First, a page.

13. I am so so glad you all are sharing this stuff. I have been fighting an uphill battle, mostly at church and at my children’s little private school. No matter what I say at school (& I’ve written letters too) to the teacher they still give out horrible snacks and junk food from the dollar store! Ok, fast forward to church…I am now in the primary presidency with 3 other wonderful women. However…I cannot believe how people change when you try to take away their “fun”. I am trying to make a change but EVERYWHERE I turn no one is supportive. 2 examples: Convinced ladies to just have candy canes as Christmas gift in primary (wanted something more “churchy” but we were just called to position & didn’t have time). One of the ladies who is completely opposed to not allowing treats every Sunday (seriously!) brought 9 boxes of 36 cookies each (1 for each class) in on the Sunday before Christmas! She knew full well that we all decided against any goodies. It was just to let me know that she would not be following those rules I guess. example #2: Primary is in charge of an upcoming church activity. WHen I voiced my concern over having nitrate filled hot dogs served, due to cancer now (or almost) outranking Heart Disease as the #1 killer in America, I actually thought I got an angry look from one of the sisters! No, we were having hot dogs and maybe my family could bring their own meal they said. The next meeting the first thing that came out of one sisters mouth was “I believe we were having hot dogs for the meal….”. My girls have even asked for Vegetarian options at firesides but only meat, chips & dessert. There are snacks and junk at EVERY SINGLE function. I have called even the Seminary teacher to no avail. WHY did they take that rule out of the handbook?

    For a few years now I have desired to send a letter to the First Presidency regarding this issue that has affected us deeply. It has become a battle field at church when it comes to food. We are trying so hard to live the Word of Wisdom and care for our bodies (temples) & we shouldn’t have such a problem at church of all places. Its actually completely out of control & getting worse. Is there a way to do this where we all sign a letter just to let them know that its not just a few of us that are having these difficulties? Maybe they don’t realize it has become such a problem.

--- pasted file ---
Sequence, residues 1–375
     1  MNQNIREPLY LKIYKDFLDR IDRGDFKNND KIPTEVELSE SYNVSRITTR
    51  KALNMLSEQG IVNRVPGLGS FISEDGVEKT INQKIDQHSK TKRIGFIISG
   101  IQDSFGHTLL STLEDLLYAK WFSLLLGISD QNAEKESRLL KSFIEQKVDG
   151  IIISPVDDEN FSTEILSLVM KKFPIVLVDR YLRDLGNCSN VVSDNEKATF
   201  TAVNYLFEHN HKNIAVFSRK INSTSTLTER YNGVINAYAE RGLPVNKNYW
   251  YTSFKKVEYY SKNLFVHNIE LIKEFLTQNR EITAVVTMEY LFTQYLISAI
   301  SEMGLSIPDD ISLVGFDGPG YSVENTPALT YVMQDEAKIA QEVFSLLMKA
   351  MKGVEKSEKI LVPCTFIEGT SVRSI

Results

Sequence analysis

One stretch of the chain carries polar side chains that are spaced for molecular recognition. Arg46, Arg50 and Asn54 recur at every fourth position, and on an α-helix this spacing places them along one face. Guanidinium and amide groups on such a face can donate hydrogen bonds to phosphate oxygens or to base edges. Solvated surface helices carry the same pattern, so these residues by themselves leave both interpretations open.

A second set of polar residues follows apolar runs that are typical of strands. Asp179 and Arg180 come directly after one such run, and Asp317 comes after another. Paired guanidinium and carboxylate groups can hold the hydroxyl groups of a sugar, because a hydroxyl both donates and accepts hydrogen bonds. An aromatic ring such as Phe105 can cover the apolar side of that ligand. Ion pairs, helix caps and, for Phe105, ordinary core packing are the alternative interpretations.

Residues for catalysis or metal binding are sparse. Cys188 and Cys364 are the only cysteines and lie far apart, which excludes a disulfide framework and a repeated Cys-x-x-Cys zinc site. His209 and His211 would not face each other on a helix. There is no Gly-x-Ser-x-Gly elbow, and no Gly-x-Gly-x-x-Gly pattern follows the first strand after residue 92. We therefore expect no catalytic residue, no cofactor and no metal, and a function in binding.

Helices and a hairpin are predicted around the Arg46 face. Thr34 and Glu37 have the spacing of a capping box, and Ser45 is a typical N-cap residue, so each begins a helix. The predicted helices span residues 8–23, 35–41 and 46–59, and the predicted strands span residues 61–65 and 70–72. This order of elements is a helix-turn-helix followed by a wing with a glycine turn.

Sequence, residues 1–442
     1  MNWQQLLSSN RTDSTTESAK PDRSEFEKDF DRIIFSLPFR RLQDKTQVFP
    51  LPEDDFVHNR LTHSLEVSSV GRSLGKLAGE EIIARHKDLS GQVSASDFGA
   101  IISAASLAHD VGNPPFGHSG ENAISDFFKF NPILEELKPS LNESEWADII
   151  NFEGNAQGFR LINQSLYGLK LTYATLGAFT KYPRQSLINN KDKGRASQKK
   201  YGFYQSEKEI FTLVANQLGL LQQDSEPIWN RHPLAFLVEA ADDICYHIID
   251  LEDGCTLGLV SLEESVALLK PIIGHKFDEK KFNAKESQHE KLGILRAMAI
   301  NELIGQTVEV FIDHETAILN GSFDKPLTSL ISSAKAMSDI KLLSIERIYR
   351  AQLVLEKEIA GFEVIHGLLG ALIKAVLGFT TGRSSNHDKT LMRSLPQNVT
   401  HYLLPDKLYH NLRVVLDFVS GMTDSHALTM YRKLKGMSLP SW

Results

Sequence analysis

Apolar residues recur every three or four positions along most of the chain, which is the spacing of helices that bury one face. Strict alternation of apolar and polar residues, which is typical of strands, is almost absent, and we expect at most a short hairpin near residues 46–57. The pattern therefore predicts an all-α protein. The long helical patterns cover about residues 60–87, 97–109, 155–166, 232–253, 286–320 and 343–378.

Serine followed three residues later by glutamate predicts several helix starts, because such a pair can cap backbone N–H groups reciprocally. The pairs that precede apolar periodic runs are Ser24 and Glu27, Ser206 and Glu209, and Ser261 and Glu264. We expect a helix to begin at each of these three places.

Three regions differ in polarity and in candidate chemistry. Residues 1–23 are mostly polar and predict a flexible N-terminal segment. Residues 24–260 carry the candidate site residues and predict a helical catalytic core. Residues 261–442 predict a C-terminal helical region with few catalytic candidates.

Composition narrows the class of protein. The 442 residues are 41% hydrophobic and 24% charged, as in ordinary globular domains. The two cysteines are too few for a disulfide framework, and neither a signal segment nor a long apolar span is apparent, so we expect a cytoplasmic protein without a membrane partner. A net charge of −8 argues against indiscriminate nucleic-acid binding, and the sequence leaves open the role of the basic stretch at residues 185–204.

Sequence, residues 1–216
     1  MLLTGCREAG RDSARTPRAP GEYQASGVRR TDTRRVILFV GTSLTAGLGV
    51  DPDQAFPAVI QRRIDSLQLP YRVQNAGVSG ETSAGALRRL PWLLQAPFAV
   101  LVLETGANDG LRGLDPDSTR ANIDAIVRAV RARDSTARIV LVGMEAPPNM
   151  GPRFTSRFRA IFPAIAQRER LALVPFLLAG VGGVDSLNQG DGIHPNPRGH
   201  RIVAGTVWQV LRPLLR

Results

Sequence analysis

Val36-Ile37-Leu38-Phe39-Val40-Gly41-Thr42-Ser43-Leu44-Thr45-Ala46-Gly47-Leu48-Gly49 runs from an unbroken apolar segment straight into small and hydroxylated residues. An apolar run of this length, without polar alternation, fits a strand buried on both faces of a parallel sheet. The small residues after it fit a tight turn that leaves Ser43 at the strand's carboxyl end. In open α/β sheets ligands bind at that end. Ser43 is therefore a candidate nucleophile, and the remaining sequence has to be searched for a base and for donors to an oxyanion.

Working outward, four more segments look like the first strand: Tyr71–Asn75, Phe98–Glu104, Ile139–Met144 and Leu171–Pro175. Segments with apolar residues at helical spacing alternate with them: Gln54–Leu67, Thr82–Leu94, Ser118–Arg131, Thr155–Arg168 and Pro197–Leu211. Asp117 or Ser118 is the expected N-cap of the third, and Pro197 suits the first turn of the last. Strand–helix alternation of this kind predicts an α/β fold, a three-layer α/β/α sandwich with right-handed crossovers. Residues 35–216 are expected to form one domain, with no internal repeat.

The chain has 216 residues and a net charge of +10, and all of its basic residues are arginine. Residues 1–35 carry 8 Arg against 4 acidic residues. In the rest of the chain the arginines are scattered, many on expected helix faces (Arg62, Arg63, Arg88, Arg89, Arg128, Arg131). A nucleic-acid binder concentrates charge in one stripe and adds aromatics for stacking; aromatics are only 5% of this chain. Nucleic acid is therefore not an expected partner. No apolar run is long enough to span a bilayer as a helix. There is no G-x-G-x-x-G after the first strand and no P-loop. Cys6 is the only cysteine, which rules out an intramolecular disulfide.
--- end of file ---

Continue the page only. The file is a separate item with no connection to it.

Thanks everyone for your comments. It makes me feel as if I’m not such a freak and all alone in this. 🙂

    1. Robyn Openshaw says:

      Jennifer, I think the answer you’ll get if church hierarchy respond is something like this: “We are fighting bigger battles—drug and alcohol addiction, etc.—so most of the church population is not ready to live a higher law.” True enough but SO FRUSTRATING for those of us who don’t see it as a higher law, but rather just common sense. I wish there were more women like you speaking up. You have chutzpah, my friend.


    2. Laura says:

      This attitude has always bothered me. I understand if people choose to eat the way they do. I don’t understand why they treat other people who choose to live healthy the way they do. It’s frustrating. I understand them having meat at every single function but why do they have to also put it in the salads? One dinner they decided to have a ravioli casserole. The recipe said to use meat ravioli. Why couldn’t we make it with cheese ravioli? Yes, I know cheese ravioli isn’t healthful, but it’s a change. I don’t go to any of the dinners. I wish they would have a Relief Society meeting without food. I just want to go to the lessons not the meal time. I don’t go at all.
      Anyway, it just irritates me that we are punished for choosing to follow the Word of Wisdom. And also the teachings in the Bible. I’ve been thinking a lot about Daniel and his friends that ate healthy. They were young men at the time they were taken into captivity. What about before that? They were obviously righteous because they refused to stop praying. Where did they learn that? From their parents. This must have gone on for generations. Why do members of the church give people who choose to follow the teachings of the Savior such a hard time? Long comment. Venting my frustrations.